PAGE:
Open Space Priorities Plan Summary

In its history, opportunities, and quality of life, Hanover, New Hampshire is a very special place. It has been shaped in the historical New England development pattern of small towns surrounded by farms and great expanses of forest. Its landscape is varied and beautiful, and its natural resource base is plentiful. Hanover's traditional land uses are undergoing fundamental and permanent change. Most of the cleared farmland is now abandoned and overgrown. Single and multi-house developments are springing up throughout the rural fields and woods. For most people, income is derived from their land only when it changes hands in the real estate market. The accelerating onrush of land use conversion indicates that there will never again be as many planning options as there are today. 

Hanover's Planning Board is addressing evolving land use needs through revision of the town's Master Plan, of which open space is a part. Since 1974, a series of public surveys have shown increasing amounts of citizen support for greater municipal open space protection. In 1994, 90% identified "scenery" as a quality they most valued about Hanover, and 84% identified "access to outdoor recreation" and "uncrowded living spaces". In 1999, in a survey of rural residents, 90% agreed or strongly agreed that maintaining open space is important, and 81% felt that Hanover should do more to protect it. (See Appendix V.) In commenting on an early draft of this report, officials of Dartmouth College (the town's largest employer and landowner) affirmed their longstanding commitment to preserving Hanover as a community, and to the value of open space in the community. 

While many public entities and private landowners have established varying degrees of open space protection on individual pieces of land in Hanover, there has never been an integrated, town-wide open space plan for the future. In 1999, residents at Town Meeting voted to consolidate several municipal funds into a single Conservation Fund for the purpose of open space protection. A condition of municipal acquisition of lands or easements with Conservation Fund moneys is that it be done within the parameters of an open space plan. Another benefit of the plan may be the encouragement of donations or placement of conservation easements on additional private property as landowners see their action as contributing to a comprehensive multi-purpose municipal system rather than solely as isolated, albeit heartfelt efforts.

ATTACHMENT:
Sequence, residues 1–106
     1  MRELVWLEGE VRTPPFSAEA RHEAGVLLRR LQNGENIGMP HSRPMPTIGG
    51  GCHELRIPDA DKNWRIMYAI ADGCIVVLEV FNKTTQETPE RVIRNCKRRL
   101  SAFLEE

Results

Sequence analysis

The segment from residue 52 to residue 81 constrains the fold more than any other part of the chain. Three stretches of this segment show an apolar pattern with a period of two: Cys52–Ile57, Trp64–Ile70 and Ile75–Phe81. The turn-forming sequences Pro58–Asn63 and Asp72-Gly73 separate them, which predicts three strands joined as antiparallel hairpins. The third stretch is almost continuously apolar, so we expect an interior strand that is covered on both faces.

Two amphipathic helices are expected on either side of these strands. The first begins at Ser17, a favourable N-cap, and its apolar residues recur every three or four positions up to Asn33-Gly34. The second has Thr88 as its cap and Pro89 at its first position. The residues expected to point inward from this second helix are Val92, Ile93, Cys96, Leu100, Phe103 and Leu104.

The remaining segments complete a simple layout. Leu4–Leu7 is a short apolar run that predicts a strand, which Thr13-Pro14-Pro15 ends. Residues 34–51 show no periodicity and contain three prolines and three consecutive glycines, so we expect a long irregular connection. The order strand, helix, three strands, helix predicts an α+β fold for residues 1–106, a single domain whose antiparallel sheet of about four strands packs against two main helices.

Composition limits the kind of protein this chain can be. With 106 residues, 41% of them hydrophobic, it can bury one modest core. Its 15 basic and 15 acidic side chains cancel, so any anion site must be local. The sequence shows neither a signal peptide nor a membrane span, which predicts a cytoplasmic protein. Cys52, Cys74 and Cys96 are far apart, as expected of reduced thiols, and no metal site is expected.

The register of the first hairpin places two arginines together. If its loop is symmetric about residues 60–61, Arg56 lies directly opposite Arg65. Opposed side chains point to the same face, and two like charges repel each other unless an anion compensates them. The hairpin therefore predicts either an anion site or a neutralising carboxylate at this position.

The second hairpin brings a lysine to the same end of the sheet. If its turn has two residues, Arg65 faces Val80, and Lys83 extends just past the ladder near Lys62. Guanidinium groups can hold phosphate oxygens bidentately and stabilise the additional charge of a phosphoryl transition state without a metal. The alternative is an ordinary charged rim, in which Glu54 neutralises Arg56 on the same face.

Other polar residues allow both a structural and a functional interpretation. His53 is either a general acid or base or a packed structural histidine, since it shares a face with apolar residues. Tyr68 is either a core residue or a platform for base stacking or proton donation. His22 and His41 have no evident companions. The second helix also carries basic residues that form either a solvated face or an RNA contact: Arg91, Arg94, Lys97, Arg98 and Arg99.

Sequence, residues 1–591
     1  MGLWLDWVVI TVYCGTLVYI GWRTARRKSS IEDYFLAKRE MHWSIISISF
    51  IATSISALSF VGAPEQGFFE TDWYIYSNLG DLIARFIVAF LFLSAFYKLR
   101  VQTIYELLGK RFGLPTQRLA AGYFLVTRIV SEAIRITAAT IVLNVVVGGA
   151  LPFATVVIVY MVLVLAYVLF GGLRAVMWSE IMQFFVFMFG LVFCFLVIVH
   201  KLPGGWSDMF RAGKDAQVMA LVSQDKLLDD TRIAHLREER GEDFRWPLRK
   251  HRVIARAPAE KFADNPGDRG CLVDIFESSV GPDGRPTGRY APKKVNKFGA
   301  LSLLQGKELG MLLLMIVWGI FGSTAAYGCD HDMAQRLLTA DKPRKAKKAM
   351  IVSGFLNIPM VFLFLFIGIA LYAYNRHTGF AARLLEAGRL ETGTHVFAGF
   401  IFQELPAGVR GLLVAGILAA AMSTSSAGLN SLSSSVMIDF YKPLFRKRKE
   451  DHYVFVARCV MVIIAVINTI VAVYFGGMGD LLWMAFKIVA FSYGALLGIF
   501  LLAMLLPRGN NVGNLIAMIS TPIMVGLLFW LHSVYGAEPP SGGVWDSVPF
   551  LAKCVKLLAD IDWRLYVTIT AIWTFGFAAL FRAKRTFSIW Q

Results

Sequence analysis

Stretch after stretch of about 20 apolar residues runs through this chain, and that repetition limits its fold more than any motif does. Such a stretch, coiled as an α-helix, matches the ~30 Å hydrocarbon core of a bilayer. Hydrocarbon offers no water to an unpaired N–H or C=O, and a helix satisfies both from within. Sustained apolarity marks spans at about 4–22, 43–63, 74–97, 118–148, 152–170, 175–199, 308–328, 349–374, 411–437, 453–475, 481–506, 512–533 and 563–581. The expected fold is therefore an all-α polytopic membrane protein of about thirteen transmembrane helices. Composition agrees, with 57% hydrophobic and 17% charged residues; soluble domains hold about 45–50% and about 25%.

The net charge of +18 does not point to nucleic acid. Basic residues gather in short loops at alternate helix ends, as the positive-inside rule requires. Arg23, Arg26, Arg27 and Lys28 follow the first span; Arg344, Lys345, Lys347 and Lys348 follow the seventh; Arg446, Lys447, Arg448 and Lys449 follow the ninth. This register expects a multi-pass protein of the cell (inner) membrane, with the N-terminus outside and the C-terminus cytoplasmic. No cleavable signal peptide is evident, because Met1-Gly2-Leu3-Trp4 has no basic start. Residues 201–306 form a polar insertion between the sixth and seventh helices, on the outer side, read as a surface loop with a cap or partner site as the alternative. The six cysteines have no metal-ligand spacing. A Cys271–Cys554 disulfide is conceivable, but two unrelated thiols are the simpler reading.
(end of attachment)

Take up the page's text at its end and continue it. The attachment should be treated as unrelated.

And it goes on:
A committee appointed by and working under the auspices of the Conservation Commission began deliberations in November 1999. It identified goals for the open space plan, criteria by which to evaluate important areas, actions by which to achieve the goals of the plan, and techniques by which those actions might be accomplished. Specific areas were designated for open space protection. It is the intention of the Conservation Commission that acquisition or protection of land for the purposes of implementing this plan be accomplished only in cooperation with willing landowners. The plan is ambitious in its multiple goals and impact on the landscape. Its implementation will require many years. It encourages use of all available techniques for land protection, including but by no means limited to expenditure of public funds. Establishment of conservation easements by individual landowners, and several other methods are available to accomplish the end result - a system of lands that permanently protects the natural resources, wildlife habitat, recreational opportunities, traditional landscapes and scenic treasures of Hanover.